Updated on 12 March 2018
Wednesday 14th August, 2013
Fear. Apprehension. Confusion. These are typical reactions to the first day in a new country with a foreign culture, climate, and language. Being surrounded by new faces – having left all friends and family back at home – doesn’t help. Toss in the fact that the inflated currency system is marred with ambiguity, and that crossing the street is now an extreme sport, and that the temperatures typically reach nearly 40°C in the sweltering afternoon heat… it certainly seems like a nightmare!
Except… it wasn’t. Under the shadow of the magnificent shrine of Sayyidah Fatimah Ma’soomah in Qum, there was a pervading sense of serenity and comfort, and all thoughts of unease were drowned out by the eager anticipation of what activities and journeys lay ahead. For the fifteen of us here to start the three week Bab and Madinah summer camps – ten boys in the Bab group and five older ones in Madinah, along with a few friendly mentors and organizers – this was the start of what we hope will be a fulfilling and life-changing experience.
The first day was predictably a laid-back and easy-going one, as group members continued to arrive in small clusters until the early afternoon. After a brief introduction session and a formal opening ceremony, we set out for one of the most highly anticipated item in our jam-packed camp itinerary: the Ziyarat of the holy lady of the city, Sayyidah Ma’soomah. For most of us, it was the first time performing this Ziyarat. For many of us, it was the first time performing any Ziyarat. But for each of us, mentors and students alike, it was an awe-inspiring opportunity and a breath-taking experience.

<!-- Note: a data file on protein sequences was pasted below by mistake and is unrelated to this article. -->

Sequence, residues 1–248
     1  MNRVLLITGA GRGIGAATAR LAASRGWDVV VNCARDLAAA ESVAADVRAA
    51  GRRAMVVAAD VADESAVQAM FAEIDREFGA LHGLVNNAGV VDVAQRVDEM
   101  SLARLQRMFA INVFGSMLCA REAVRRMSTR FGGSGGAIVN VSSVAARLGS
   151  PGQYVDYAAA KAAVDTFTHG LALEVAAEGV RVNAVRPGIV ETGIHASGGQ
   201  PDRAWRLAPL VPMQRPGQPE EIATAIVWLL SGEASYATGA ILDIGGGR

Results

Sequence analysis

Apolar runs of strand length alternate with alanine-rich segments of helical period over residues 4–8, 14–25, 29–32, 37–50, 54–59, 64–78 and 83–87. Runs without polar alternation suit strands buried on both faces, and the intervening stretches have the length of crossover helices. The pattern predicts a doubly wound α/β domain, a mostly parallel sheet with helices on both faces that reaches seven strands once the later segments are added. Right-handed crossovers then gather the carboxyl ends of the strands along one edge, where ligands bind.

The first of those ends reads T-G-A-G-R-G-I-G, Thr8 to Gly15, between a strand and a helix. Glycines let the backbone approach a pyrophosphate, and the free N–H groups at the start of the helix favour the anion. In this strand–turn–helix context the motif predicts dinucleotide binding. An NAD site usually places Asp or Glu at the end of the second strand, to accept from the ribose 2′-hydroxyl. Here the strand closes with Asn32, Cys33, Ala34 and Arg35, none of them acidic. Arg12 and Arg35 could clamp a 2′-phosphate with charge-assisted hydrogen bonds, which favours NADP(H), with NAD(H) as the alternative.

There’s something distinctly dignified and graceful about the sight of the brilliant golden dome and the majestic blue minarets, glimmering in the dark night sky. There is a beauty that photographs can’t quite capture, and an emotion that words don’t fully describe. However, perhaps the greatest part of the Ziyarat was the awareness that we were near a personality that has a truly remarkable status in the eyes of Allah. This understanding was greatly developed by the reflection sessions we shared before arriving at the Haram, and it is sessions like these that make me most hopeful and excited about the next few weeks.
Being physically near the Ahlul Bayt is one thing, but being spiritually near them, regardless of time or location, is another thing altogether. InshaaAllah, we hope to gain both of these blessings during this camp, so that when we return to our homes, families, and comfort zones, we will arrive as improved individuals, clearly demonstrating the effects and benefits of this spiritual pilgrimage.
Written by: Maysam Panju from Toronto, Canada